TreatmentUpdate
189

May 2012 

HIV and menopause

Several years ago a team of researchers at the Albert Einstein College of Medicine in The Bronx, New York, who specialized in women’s health issues investigated menopause in HIV-positive women. As part of this investigation they reviewed relevant studies on the subject.

Age at onset of menopause

Among healthy HIV-negative women, menopause usually occurs around the age of 50. However, reports have emerged of premature menopause in some HIV-positive women. Some observational and cross-sectional studies have found early onset of menopause linked to the following factors among HIV-positive women:

  • low CD4+ cell counts (less than 200 cells)
  • low levels of physical activity
  • use of street drugs (opiates can lower estrogen levels)
  • smoking tobacco (long-term use of tobacco can also lower estrogen levels)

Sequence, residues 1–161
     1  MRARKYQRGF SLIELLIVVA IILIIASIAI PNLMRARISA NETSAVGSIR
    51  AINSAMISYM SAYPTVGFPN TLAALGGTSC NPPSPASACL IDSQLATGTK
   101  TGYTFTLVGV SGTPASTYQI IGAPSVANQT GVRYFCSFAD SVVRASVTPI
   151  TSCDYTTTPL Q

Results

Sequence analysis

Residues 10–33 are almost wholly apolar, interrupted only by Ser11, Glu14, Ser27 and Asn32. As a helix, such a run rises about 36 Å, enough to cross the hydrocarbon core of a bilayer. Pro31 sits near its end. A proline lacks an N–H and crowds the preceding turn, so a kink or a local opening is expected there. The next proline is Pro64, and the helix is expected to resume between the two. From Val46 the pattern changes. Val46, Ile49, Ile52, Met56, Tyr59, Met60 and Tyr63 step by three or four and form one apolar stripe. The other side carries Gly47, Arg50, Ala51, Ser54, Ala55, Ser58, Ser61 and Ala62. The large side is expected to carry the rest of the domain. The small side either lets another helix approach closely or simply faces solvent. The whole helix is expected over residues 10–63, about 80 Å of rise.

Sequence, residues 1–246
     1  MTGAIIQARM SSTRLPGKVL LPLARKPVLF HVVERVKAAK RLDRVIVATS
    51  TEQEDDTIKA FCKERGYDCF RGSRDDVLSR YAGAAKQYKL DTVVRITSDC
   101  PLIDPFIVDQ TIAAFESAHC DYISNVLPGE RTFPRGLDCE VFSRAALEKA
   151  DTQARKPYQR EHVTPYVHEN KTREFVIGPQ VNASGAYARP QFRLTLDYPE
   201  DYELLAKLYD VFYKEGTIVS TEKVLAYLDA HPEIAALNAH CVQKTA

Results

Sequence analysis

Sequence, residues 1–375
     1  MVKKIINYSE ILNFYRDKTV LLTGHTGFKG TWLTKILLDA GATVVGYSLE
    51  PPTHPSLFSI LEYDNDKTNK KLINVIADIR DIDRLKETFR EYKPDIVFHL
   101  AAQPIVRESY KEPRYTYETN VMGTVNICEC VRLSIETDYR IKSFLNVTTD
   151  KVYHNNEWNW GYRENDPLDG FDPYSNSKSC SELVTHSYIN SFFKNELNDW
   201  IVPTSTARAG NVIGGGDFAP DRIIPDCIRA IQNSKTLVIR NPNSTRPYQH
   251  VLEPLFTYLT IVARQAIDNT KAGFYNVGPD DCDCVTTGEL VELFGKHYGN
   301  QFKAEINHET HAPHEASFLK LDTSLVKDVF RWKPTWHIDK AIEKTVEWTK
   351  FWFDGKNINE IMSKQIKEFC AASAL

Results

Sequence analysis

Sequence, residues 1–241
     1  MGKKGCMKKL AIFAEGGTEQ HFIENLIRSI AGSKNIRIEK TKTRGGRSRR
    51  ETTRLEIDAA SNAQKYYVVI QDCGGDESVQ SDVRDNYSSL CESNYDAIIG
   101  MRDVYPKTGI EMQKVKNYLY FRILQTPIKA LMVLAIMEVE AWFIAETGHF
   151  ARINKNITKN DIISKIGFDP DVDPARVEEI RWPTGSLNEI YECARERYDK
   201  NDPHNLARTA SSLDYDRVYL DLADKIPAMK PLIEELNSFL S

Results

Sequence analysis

• having a low income

Some studies have found that Black women are more likely to have earlier onset of menopause than White women, while some studies have not found this.

Due to issues of study design, specifically the observational nature of many studies involving women and menopause, it is difficult to be certain about which factor (substance use or low income) plays a leading role in premature onset of menopause. Moreover, the Bronx researchers note that substance use and having a low income are relatively common among women with HIV infection, particularly in North America and Western Europe.

Symptoms that occur in menopause

Women transitioning into menopause can experience one or more of the following symptoms:

  • breasts become tender
  • hot flashes and night sweats
  • difficulty falling asleep
  • difficulty thinking clearly
  • forgetfulness
  • severe headaches
  • changes in mood
  • vaginal dryness
  • sexual dysfunction